Nirūpaṇā (निरूपणा) refers to “examination”, according to Mahāprajñāpāramitāśāstra (chapter 2).—Equipped with the vikalpas of examination (nirūpaṇā) and memory (anusmaraṇa), the mental consciousness, by itself, has a clear notion (saṃjñā) of the object. The other consciousnesses have only a very vague notion. The visual consciousness cognizes blue (nīlaṃ jānāti), but does not know “It is blue” (no tu nīlam iti). In the same way, the auditory consciousness is insufficient to identify a sound; it must be complemented by a mental consciousness.—(See Kośa, I, p. 28, n. 1, on this subject).

Mahayana book cover
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Mahayana (महायान, mahāyāna) is a major branch of Buddhism focusing on the path of a Bodhisattva (spiritual aspirants/ enlightened beings). Extant literature is vast and primarely composed in the Sanskrit language. There are many sūtras of which some of the earliest are the various Prajñāpāramitā sūtras.

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India history and geography

Source: Cologne Digital Sanskrit Dictionaries: Indian Epigraphical Glossary

Nirūpaṇa.—(LP), order for transfer of service; appointment. Note: nirūpaṇa is defined in the “Indian epigraphical glossary” as it can be found on ancient inscriptions commonly written in Sanskrit, Prakrit or Dravidian languages.

India history book cover
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The history of India traces the identification of countries, villages, towns and other regions of India, as well as mythology, zoology, royal dynasties, rulers, tribes, local festivities and traditions and regional languages. Ancient India enjoyed religious freedom and encourages the path of Dharma, a concept common to Buddhism, Hinduism, and Jainism.

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Languages of India and abroad

Marathi-English dictionary

Source: DDSA: The Molesworth Marathi and English Dictionary

nirūpaṇa (निरूपण).—n (S) Describing or delineating. 2 Narrating, declaring, telling, indicating. Ex. tukā mhaṇē nirōpaṇīṃ || śēṭa jhālē brahmajñānī ||; also purāṇīṃ baisatāṃ jāvūna || tōṃ nirōpaṇa nighālēṃ ||.

Source: DDSA: The Aryabhusan school dictionary, Marathi-English

nirupaṇa (निरुपण).—n Describing. Narrating, declaring.

context information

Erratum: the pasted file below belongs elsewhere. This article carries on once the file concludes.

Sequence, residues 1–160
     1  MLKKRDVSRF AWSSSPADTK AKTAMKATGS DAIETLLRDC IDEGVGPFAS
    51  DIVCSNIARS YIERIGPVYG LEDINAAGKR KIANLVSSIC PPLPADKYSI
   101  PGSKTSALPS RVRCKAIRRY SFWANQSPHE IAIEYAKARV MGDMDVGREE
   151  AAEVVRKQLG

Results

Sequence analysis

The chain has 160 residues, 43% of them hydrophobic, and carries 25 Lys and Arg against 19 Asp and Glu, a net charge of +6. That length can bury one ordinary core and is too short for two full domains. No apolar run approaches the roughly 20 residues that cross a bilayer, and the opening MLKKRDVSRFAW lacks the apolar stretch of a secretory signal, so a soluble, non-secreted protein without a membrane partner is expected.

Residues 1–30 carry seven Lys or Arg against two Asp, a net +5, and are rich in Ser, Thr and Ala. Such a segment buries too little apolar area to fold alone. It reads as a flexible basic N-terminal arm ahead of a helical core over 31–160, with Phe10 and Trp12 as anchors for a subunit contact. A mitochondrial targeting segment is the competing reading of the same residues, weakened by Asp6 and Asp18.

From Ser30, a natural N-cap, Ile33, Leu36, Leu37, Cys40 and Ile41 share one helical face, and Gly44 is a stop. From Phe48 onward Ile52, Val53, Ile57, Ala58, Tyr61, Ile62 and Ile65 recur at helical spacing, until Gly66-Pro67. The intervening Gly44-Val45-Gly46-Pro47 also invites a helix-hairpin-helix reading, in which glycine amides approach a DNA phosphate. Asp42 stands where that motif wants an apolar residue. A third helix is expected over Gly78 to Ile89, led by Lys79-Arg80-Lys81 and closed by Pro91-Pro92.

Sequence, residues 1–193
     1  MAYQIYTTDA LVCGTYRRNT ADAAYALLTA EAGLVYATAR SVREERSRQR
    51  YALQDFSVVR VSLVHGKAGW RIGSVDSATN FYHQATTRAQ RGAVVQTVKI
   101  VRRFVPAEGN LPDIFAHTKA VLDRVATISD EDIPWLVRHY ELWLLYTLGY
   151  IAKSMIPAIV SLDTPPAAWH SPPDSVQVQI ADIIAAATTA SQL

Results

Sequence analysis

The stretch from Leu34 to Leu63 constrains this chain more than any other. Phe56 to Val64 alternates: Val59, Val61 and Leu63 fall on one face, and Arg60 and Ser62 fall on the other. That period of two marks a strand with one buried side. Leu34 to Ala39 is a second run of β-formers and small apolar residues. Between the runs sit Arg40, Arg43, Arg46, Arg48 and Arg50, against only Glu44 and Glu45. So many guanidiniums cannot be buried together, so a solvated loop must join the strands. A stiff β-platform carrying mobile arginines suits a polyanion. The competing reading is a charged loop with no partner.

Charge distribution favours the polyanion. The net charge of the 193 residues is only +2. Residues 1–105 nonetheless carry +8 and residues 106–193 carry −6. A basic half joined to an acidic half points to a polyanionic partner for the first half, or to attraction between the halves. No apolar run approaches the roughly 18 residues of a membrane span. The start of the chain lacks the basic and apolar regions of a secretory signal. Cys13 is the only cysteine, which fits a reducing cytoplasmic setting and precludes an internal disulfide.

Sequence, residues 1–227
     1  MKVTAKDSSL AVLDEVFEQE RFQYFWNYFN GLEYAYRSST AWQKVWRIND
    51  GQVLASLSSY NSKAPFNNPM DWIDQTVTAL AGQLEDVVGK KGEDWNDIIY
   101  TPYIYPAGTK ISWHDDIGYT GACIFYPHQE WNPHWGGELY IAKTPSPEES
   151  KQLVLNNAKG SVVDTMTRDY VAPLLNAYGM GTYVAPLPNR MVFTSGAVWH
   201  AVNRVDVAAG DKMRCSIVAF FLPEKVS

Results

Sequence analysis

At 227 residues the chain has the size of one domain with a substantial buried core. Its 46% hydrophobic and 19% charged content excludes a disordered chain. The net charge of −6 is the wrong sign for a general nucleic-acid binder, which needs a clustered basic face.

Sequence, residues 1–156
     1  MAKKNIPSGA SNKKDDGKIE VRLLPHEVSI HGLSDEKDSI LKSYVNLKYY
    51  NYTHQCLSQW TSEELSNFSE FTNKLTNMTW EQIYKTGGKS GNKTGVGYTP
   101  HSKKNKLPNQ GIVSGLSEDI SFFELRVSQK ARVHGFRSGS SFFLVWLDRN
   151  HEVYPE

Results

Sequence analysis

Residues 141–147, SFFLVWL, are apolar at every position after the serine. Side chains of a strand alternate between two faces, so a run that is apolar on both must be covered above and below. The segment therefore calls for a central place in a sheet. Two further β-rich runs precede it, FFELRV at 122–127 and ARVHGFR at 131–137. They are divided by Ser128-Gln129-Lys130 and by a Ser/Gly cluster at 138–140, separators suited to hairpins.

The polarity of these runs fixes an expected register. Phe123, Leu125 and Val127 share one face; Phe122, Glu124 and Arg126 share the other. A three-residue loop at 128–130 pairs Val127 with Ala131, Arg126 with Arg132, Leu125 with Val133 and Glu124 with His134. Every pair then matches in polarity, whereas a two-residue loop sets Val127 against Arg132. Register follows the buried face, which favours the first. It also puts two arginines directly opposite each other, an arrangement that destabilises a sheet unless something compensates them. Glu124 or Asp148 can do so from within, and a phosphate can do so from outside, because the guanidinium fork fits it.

Marathi is an Indo-European language having over 70 million native speakers people in (predominantly) Maharashtra India. Marathi, like many other Indo-Aryan languages, evolved from early forms of Prakrit, which itself is a subset of Sanskrit, one of the most ancient languages of the world.

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Sanskrit dictionary

Source: DDSA: The practical Sanskrit-English dictionary

Nirūpaṇa (निरूपण) or Nirūpaṇā (निरूपणा).—

1) Form, shape.

2) Sight, seeing.

3) Looking for, searching.

4) Ascertaining, investigation; determination.

5) Definition.

Derivable forms: nirūpaṇam (निरूपणम्).

Source: Cologne Digital Sanskrit Dictionaries: Shabda-Sagara Sanskrit-English Dictionary

Nirūpaṇa (निरूपण).—n.

(-ṇaṃ) 1. Sight, seeing. 2. Doubt, discussion, investigation. 3 Ascertaining, determining. 4. Searching, looking for. 5. Form, shape. E. ni implying certainty, rūpa to have form, affix lyuṭ.

Source: Cologne Digital Sanskrit Dictionaries: Benfey Sanskrit-English Dictionary

Nirūpaṇa (निरूपण).—i. e. ni-rūp + ana, I. adj. Determining, Sāh. D. 8, 14. Ii. n. 1. Shape, Mahābhārata 3, 2802. 2. Determining, [Bhāgavata-Purāṇa, (ed. Burnouf.)] 5, 3, 5.

Source: Cologne Digital Sanskrit Dictionaries: Cappeller Sanskrit-English Dictionary

Nirūpaṇa (निरूपण).—[adjective] (—°) & [neuter] determining, defining.

Source: Cologne Digital Sanskrit Dictionaries: Monier-Williams Sanskrit-English Dictionary

1) Nirūpaṇa (निरूपण):—[=ni-rūpaṇa] [from ni-rūp] mfn. stating, determining, defining (ifc.), [chapter] of [Sāhitya-darpaṇa]

2) Nirūpaṇā (निरूपणा):—[=ni-rūpaṇā] [from ni-rūpaṇa > ni-rūp] f. the act of stating etc., [Śaṃkarācārya]

3) Nirūpaṇa (निरूपण):—[=ni-rūpaṇa] [from ni-rūp] n. idem, [Purāṇa; Śaṃkarācārya; Manvarthamuktāvalī, kullūka bhaṭṭa’s Commentary on manu-smṛti]

4) [v.s. ...] looking into, searching, investigation, examination, [Sarvadarśana-saṃgraha]

5) [v.s. ...] sight, appearance, form, shape, [Mahābhārata]

Source: Cologne Digital Sanskrit Dictionaries: Yates Sanskrit-English Dictionary

Nirūpaṇa (निरूपण):—[nir-ūpaṇa] (ṇaṃ) 1. n. Sight; search; doubt; ascertaining; appointing.

Source: DDSA: Paia-sadda-mahannavo; a comprehensive Prakrit Hindi dictionary (S)

Nirūpaṇa (निरूपण) in the Sanskrit language is related to the Prakrit words: Ṇirūvaṇa, Ṇirūvaṇayā.

[Sanskrit to German]

Nirupana in German

context information

Sanskrit, also spelled संस्कृतम् (saṃskṛtam), is an ancient language of India commonly seen as the grandmother of the Indo-European language family (even English!). Closely allied with Prakrit and Pali, Sanskrit is more exhaustive in both grammar and terms and has the most extensive collection of literature in the world, greatly surpassing its sister-languages Greek and Latin.

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Hindi dictionary

[«previous next»] — Nirupana in Hindi glossary
Source: DDSA: A practical Hindi-English dictionary

Nirūpaṇa (निरूपण) [Also spelled nirupan]:—(nm) representation; portrayal; characterisation; explanation; demonstration.

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Kannada-English dictionary

Source: Alar: Kannada-English corpus

Nirūpaṇa (ನಿರೂಪಣ):—[noun] = ನಿರೂಪಣೆ [nirupane].

context information

Kannada is a Dravidian language (as opposed to the Indo-European language family) mainly spoken in the southwestern region of India.